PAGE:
Mary Ann Schoettly was considered a woman's rights advocate and pioneer by her supporters and colleagues. In her community she was known as the retired Newton High School biology teacher who loved to spend time in her garden. To the Roman Catholic Church she was a radical who was ordained as a priest in a dissident ceremony six years ago and excommunicated. Michael Corso, her co-pastor of the Sophia Inclusive Catholic Community in Sparta, confirmed Scholettly died Tuesday, reports NJ.com.
In 2009 the group Roman Catholic Womenpriests ordained Schoettly and four other women as priests. All the women who underwent the ceremony were excommunicated from the Church. The women refused to accept the decree. According to the Womenpriests organization there are 150 female priests in the US and 188 throughout the world.
During the “Year of the Priest” celebrations at the Vatican in 2010, Schoettly and four other women held signs advocating for women to be accepted as priests, drawing a considerable amount of international attention at the time. After being detained by officers in St. Peter’s Square, and held in custody for several hours, Schoettly told reporters, “They’re worried about five women? I thought, ‘It says something. I’m not sure what.’ ”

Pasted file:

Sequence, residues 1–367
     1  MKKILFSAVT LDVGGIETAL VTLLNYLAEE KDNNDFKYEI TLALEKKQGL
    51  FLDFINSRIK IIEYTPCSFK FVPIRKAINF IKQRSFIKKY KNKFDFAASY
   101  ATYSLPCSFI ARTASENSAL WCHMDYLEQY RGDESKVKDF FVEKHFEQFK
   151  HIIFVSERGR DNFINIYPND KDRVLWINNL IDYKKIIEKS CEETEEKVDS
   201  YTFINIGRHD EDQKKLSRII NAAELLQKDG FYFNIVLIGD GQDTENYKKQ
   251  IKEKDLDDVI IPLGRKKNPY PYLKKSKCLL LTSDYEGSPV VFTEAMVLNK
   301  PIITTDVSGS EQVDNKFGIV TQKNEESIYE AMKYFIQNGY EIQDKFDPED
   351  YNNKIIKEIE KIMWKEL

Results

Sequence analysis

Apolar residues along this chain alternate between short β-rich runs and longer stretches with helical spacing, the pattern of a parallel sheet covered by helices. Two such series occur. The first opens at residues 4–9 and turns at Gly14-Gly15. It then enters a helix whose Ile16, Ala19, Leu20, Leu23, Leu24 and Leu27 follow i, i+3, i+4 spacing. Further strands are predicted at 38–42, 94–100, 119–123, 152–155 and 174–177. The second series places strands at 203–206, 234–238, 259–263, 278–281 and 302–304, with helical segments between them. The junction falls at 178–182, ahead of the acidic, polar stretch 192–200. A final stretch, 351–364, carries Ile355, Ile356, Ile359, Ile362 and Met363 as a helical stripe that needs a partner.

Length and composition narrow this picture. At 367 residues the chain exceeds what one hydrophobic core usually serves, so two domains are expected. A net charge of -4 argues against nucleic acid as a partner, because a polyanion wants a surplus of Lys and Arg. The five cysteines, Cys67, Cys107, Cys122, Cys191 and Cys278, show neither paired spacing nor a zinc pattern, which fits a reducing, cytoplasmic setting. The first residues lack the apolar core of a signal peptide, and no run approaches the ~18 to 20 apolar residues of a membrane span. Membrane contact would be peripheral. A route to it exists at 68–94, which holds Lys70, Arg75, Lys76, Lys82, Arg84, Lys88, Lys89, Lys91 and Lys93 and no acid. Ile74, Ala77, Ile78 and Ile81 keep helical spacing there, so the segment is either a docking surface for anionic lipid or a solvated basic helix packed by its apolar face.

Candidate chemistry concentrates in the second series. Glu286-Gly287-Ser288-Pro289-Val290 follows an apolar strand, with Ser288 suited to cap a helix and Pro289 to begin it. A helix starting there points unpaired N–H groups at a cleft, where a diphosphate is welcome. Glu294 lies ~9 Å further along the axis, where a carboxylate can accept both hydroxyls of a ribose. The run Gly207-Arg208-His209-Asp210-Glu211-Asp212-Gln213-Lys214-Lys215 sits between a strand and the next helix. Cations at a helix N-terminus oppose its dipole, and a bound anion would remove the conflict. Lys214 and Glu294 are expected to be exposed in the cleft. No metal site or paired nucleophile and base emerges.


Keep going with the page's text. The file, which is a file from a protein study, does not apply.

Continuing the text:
Original news reports at the time quote Schoettly’s, favorite saint as Mary Magdalene, her favorite scripture passage is from Galatians 3:28, "There is neither Jew nor Greek, slave nor free, male nor female, for you are all one in Christ Jesus." She said she would like her future congregants to call her Mary Ann and that her hidden talent was watercolor painting. She even gave some tips for attracting hummingbirds, such as hang feeders in early May and to keep the nectar fresh.
According to her local church, Schoettly received graduate degrees in theology, science and in administration and supervision. She also earned certificates in pastoral care and spiritual direction. After the trip to Rome Schoettly became quieter about her ministry, but remained enthusiastic and dynamic in her community. She was actively leading her congregation, performing baptisms, and weddings, until she becoming ill a few weeks ago.
Corso said, “She may have only been a priest for six short years, but she really acted as a priest for much longer before that. Her legacy will live on long after her.” Schoettly is survived by three adult children. The wake for Mary Ann Schoettly will be held at the Smith-McCracken Funeral Home in Newton on Sunday, from 1 to 4 p.m. A memorial service will be held at the Newton Presbyterian Church at 10 a.m. on Monday.